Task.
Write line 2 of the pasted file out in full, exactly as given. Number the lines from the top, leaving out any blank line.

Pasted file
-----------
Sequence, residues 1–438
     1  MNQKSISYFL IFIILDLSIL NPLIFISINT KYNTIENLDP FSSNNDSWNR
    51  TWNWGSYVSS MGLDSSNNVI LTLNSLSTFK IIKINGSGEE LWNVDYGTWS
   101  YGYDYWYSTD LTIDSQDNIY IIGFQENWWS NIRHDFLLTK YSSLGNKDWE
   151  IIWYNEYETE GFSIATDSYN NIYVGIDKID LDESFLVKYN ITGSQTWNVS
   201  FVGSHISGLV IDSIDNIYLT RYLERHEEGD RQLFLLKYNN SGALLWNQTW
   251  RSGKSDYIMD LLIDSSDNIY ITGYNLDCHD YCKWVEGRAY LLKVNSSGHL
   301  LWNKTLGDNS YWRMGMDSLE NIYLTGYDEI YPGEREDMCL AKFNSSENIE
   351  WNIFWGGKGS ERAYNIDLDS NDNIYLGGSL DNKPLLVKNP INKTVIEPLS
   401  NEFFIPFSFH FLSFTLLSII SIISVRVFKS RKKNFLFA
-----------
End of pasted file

     1  MNQKSISYFL IFIILDLSIL NPLIFISINT KYNTIENLDP FSSNNDSWNR